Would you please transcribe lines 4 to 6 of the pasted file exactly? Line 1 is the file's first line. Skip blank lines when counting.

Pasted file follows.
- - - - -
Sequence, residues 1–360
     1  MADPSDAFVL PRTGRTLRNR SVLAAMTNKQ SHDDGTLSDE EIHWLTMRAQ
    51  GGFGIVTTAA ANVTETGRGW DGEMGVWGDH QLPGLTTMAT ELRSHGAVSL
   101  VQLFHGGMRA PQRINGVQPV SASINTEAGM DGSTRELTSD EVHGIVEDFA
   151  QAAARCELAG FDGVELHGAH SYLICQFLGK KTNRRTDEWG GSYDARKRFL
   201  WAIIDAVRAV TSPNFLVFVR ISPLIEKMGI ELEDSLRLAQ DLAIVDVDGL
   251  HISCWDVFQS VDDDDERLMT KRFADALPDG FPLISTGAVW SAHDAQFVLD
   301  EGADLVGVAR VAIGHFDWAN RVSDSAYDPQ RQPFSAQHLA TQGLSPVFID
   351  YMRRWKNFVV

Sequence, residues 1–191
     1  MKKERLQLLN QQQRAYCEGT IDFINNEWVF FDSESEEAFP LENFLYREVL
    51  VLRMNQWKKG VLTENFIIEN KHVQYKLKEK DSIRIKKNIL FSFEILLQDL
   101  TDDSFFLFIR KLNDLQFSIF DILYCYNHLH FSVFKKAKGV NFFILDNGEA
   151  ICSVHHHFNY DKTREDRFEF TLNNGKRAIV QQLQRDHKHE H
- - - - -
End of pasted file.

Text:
   101  VQLFHGGMRA PQRINGVQPV SASINTEAGM DGSTRELTSD EVHGIVEDFA
   151  QAAARCELAG FDGVELHGAH SYLICQFLGK KTNRRTDEWG GSYDARKRFL
   201  WAIIDAVRAV TSPNFLVFVR ISPLIEKMGI ELEDSLRLAQ DLAIVDVDGL